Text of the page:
For a completely practical and step-by-step easy to follow guide to becoming a great storyteller, please refer to “How to tell Stories to Children,”
Meanwhile, the few hints and tips below are useful to anyone who tells stories to children.
Take your story seriously. No matter how riotously absurd it is, or how full of inane repetition, remember, if it is good enough to tell, it is a real story and must be treated with respect. If you cannot feel so toward it, do not tell it. Have faith in the story, and in the attitude of the children toward it and you. If you fail in this, the immediate result will be a touch of embarrassment, which will be obvious to the children, affecting your manner unfavorably, and, probably, influencing your accuracy and imaginative vividness.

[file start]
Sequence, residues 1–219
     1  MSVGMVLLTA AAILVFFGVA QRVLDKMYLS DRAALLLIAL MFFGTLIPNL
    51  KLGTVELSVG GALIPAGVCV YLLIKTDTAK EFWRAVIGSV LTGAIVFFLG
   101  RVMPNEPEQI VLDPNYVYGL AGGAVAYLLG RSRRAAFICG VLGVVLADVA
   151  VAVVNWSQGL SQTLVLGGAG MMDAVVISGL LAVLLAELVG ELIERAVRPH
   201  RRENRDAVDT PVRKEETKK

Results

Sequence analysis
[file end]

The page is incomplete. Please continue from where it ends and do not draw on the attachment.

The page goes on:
Perhaps I can make the point clearer by telling you about one of the girls in a class which was studying stories last winter;
A few members of the class had prepared the story of The Fisherman and his Wife. The first girl called on was evidently inclined to feel that it was rather a foolish story. She tried to tell it well, but there were parts of it which produced in her the embarrassment to which I have referred.